Given the boring road approach and the bushy upper ridge, I can understand why The Palisade is not a popular ski tour despite the dearth of backcountry ski options here due to seasonal closures by Parks Canada.  If I had to do it again, I would use light touring skis for the approach along Pyramid Mountain Fire Road followed by the addition of climbing skins for the spur road.  I would then ditch the skis and switch to snowshoes for the ridge walk.  Above all, I would wait for a ironclad bluebird day.  For all our efforts and the amount of time we spent in mostly viewless forest, I was deeply disappointed that we were not rewarded with far-reaching views from the high point.  Perhaps that might be enough incentive for me to return for another ascent in the future.
The start of a very long day... Shaun skis past a gate at the trailhead.
Using AT gear on this road sucks! In winter, Pyramid Mountain Fire Road is usually groomed for cross-country skiers as far as the junction to The Palisade.
This is roughly the halfway point of the ascent! Shaun and Zosia pause for a break at the junction with a spur road leading to The Palisade.
The road not taken... Zosia and Shaun break trail up the spur road.
Mogul skiing on the return! Some parts of the spur road have huge snow drifts.

Photo courtesy of Zosia Zgolak

Or just follow my GPS track! The route is not so obvious near the end of the spur road, but the idea is to head through this break in the trees and then descend slightly left to reach a clearing.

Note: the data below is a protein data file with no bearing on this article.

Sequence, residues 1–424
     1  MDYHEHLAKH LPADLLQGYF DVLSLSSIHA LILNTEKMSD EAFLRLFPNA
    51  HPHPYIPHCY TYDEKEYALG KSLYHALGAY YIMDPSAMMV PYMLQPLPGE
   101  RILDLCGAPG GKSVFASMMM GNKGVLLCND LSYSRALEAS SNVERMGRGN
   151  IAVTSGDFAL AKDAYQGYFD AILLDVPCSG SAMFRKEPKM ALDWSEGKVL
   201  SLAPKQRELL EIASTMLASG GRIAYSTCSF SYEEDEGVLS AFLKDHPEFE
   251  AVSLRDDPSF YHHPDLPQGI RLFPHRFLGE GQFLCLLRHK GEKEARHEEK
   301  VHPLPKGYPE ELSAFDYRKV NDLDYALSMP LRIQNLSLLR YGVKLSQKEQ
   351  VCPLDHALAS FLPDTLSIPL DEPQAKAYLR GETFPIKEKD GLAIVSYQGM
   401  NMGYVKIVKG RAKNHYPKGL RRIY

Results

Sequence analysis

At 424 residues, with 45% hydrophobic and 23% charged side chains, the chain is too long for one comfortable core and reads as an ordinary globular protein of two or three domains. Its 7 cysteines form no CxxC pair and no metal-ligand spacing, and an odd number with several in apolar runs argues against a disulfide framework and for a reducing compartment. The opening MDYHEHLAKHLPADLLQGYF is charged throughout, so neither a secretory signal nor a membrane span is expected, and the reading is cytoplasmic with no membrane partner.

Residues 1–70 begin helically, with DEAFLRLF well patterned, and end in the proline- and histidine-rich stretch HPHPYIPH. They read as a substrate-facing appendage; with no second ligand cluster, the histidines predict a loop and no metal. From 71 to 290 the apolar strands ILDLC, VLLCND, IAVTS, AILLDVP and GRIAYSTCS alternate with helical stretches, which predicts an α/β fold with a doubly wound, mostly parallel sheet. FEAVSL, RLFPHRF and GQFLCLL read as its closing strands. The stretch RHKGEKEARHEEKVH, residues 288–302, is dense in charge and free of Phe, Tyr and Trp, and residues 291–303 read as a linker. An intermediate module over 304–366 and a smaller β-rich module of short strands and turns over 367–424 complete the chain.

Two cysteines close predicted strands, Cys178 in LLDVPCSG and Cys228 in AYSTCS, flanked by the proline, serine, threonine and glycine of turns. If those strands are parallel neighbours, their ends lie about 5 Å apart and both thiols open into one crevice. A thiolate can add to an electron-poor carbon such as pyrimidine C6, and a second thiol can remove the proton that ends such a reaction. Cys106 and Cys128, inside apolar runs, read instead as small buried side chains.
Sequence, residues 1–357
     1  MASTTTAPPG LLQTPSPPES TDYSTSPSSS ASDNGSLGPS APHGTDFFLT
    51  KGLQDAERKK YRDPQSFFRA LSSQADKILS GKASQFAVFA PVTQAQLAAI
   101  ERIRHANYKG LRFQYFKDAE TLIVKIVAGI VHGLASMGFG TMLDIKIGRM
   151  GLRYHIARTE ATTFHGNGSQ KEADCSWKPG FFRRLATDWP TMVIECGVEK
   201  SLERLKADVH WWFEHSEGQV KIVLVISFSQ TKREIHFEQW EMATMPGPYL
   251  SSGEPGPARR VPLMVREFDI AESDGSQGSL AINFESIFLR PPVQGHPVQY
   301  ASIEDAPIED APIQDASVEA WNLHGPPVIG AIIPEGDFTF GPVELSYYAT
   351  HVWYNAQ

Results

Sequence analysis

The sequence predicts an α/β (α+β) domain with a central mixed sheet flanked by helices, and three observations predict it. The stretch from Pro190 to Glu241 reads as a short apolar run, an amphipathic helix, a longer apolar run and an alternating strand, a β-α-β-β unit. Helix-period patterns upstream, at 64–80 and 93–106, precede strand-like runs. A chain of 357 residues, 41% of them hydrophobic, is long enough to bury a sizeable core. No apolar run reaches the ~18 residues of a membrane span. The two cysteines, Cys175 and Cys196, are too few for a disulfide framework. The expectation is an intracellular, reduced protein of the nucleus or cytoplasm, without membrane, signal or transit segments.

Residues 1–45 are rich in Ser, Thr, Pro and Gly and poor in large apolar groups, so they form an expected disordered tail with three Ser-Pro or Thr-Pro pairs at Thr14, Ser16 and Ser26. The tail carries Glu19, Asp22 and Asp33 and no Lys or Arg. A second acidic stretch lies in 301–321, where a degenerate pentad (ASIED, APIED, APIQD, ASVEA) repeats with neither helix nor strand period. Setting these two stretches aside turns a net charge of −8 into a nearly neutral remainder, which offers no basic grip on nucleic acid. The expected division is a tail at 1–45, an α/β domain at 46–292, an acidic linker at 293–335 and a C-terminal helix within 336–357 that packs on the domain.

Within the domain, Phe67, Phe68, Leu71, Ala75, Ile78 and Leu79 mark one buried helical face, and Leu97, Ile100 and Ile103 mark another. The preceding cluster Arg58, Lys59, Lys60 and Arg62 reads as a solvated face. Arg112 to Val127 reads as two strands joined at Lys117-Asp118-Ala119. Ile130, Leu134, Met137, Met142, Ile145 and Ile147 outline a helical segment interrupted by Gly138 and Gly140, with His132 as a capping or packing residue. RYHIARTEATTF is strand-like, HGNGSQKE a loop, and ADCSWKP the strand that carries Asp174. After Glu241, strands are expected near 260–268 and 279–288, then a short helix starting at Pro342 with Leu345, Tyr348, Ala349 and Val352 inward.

That would be our ascent route! Shaun and Sonny reach a clearing and find a ridge rising to the north.

Photo courtesy of Zosia Zgolak

Zosia is breaking trail well ahead of us! Shaun climbs up the ridge crest.
Not good skiing here! Frequent detours into thickets are necessary to avoid dangerous cornices on the ridge crest.
Of course it's a false summit--nothing is ever easy for a ski ascent! Shaun and Zosia approach a false summit along the ridge.
A very tough grind here! Zosia follows Shaun as he cuts a trail up a steep section of the ridge.
There's no turning back now! With the true high point of The Palisade in sight, Sonny presses forward along the ridge crest.

Photo courtesy of Zosia Zgolak

Help! Sonny gets stuck in a hole after a cornice collapse above some hidden boulders.

Photo courtesy of Zosia Zgolak

I was too lazy to set up my camera for a self-timed shot, and my selfie pics were too blurry to publish! Zosia and Shaun reach the high point of The Palisade (2157 metres).
Yep, let's get the hell outta here! In the midst of a snow squall, Zosia and Shaun retreat back along the ridge.
Tree skiing...quite literally! Zosia has an adventure getting through yet another thicket on the ridge.
I can hardly remember climbing Cinquefoil Mountain so many years ago! A break in the trees grants this view to the northeast of Athabasca River valley with Morro Peak at centre and Cinquefoil Mountain just behind to the right.

Possible future scrambles?

The clouds to the north clear off to reveal Gargoyle Mountain (left) and Roche de Smet (right).


But he's skiing with his skins on still! Shaun gets in a solitary ski turn on a short but steep slope near the end of the ridge.
Best skiing of the day right here...but it sucks lower down! Zosia and Shaun cruise down Pyramid Mountain Fire Road.
Not destined to be a classic! Total Distance:  25.7 kilometres
Round-Trip Time:  10 hours 22 minutes
Total Elevation Gain:  1183 metres